A term in traditional grammar for a pronoun that introduces a question.
The five interrogative pronouns in English are who, whom, whose, which, and what.
Examples and Observations:
- Who are you?
- "Even if you do learn to speak correct English, whom are you going to speak it to?"
- "When a man tells you that he got rich through hard work, ask him: 'Whose?'"
- Which color do you prefer?
- "I got a belt on that's holding up my pants, and the pants have belt loops that hold up the belt. What is going on here? Who is the real hero?"
- "Notice that an interrogative pronoun will never have an antecedent. Since it asks a question, there is no way to know which noun an interrogative pronoun refers to. The antecedent remains a mystery until the question is answered."
(M. Strumpf and A. Douglas, The Grammar Bible. Owl Books, 2004)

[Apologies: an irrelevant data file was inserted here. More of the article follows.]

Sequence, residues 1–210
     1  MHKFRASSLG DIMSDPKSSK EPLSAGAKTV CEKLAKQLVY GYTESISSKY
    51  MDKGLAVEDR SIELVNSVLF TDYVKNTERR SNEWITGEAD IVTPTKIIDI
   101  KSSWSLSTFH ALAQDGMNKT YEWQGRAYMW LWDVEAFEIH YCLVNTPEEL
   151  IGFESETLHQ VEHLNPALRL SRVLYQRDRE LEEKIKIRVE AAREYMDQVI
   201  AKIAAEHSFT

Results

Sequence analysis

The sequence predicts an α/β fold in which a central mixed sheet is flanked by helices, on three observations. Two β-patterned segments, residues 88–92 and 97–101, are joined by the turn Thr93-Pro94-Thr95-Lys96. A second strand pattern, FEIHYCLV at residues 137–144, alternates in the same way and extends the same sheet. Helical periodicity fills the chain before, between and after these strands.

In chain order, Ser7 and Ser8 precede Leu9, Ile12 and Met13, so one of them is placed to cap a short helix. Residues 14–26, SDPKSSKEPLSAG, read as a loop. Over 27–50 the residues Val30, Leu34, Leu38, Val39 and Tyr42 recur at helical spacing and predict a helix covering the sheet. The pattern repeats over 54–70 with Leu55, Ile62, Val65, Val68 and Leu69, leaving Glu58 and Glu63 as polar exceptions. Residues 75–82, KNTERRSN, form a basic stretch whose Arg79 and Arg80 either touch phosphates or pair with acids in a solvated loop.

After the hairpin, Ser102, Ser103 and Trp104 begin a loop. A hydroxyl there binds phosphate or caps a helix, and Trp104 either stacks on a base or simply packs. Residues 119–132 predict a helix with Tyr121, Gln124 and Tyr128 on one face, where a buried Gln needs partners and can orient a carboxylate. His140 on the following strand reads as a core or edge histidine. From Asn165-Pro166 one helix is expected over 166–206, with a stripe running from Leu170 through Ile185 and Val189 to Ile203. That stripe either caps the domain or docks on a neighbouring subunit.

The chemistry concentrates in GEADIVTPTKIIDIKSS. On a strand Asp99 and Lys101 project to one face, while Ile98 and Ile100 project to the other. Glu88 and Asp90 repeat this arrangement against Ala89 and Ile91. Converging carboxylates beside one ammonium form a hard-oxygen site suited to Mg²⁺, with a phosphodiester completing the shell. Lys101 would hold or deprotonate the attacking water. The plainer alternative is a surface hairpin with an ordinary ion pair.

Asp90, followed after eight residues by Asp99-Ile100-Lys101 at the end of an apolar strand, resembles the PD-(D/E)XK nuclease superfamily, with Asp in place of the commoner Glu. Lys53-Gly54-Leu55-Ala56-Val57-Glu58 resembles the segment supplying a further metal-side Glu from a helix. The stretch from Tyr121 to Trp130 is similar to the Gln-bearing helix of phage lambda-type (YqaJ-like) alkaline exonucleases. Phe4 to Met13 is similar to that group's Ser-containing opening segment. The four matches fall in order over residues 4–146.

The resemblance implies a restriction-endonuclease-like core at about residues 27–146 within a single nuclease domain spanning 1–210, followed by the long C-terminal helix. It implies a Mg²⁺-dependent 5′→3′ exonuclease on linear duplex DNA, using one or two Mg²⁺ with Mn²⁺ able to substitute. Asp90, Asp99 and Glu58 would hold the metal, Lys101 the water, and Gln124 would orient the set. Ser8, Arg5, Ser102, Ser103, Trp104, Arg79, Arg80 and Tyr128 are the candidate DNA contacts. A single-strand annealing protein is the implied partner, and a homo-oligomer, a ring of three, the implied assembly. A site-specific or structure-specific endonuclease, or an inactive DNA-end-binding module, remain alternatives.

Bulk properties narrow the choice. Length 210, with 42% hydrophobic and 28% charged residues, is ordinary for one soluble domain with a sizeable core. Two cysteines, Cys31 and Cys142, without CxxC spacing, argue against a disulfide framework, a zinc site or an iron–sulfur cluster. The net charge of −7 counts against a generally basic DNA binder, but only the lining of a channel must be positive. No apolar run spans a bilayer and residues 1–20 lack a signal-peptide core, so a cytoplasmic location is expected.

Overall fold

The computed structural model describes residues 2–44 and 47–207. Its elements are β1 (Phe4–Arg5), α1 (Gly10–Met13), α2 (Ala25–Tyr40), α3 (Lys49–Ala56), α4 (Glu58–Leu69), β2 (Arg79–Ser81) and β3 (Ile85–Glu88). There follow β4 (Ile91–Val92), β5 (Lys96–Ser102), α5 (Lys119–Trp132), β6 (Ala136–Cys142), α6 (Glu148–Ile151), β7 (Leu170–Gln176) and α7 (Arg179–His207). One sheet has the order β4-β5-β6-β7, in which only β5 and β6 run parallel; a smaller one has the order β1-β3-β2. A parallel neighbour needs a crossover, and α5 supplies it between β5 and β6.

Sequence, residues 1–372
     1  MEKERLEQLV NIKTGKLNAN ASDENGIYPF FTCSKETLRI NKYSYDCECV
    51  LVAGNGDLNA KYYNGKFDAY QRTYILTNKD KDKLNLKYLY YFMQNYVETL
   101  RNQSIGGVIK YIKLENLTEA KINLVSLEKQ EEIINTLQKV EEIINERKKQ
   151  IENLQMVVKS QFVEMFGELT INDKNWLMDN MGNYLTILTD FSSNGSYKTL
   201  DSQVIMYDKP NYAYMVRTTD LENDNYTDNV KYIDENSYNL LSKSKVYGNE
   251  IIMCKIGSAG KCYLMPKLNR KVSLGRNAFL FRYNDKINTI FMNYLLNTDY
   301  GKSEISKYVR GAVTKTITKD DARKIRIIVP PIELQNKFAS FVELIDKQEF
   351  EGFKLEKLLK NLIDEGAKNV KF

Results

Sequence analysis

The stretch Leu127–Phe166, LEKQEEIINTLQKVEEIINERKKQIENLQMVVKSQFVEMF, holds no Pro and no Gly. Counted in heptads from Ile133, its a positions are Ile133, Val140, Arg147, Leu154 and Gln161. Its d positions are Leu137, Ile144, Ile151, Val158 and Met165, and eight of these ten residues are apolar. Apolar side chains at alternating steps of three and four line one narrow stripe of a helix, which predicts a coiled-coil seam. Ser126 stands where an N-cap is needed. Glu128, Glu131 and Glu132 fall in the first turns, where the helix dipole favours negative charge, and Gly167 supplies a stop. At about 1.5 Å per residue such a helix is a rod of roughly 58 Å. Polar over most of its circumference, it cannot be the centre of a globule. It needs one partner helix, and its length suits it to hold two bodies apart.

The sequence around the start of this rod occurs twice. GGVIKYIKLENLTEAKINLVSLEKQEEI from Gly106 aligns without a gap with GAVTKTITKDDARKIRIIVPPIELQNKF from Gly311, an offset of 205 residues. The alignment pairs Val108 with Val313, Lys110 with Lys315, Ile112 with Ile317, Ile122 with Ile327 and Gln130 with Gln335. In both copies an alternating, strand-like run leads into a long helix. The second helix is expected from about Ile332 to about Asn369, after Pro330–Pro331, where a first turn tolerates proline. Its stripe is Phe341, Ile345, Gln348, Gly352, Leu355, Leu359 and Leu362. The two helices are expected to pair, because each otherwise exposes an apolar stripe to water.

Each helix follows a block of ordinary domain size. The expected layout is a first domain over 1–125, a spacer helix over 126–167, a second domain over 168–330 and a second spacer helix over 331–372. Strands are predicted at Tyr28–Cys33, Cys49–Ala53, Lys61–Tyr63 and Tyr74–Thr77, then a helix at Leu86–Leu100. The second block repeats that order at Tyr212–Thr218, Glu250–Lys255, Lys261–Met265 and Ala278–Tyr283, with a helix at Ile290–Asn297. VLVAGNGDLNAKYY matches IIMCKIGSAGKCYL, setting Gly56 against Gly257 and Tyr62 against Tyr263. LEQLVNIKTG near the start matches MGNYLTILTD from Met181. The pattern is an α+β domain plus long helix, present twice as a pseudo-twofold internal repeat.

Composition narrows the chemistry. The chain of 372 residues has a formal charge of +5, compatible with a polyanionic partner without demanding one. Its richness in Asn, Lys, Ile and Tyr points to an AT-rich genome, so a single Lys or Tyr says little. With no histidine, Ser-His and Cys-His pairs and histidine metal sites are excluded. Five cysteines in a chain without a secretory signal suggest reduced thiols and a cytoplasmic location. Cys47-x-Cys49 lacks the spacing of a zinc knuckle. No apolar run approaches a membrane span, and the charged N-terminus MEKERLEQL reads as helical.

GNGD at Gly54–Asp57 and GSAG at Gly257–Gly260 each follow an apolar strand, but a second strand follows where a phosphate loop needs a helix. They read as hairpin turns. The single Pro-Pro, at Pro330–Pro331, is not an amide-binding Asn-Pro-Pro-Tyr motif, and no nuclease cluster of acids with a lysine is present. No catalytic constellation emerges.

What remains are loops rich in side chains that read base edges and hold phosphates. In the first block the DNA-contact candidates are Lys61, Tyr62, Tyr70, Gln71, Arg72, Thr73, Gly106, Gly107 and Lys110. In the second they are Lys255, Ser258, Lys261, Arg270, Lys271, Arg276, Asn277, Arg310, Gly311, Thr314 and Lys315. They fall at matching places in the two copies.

- What versus Which
What is used when specific information is requested from a general or open-ended possible range. Which is used when specific information is requested from a restricted range of possibilities:
A. I've got your address. What's your phone number?However, where the number of options is shared knowledge among speakers and listeners, what + noun is often used in informal contexts. Here, what is an interrogative pronoun used as a determiner:
B. Oh it's 267358.
(an open-ended range of possible information)
[looking at a pile of coats]
A. Which is your coat?
B. That black one.
[talking about a shop](R. Carter and M. McCarthy, Cambridge Grammar of English: A Comprehensive Guide. Cambridge Univ. Press, 2006)
What side of the street is it on, left or right?
(or: Which side of the street is it on?)
A: Did you see that documentary about the SARS virus last night?
B; No, what channel was it on?
(or: Which channel was it on?)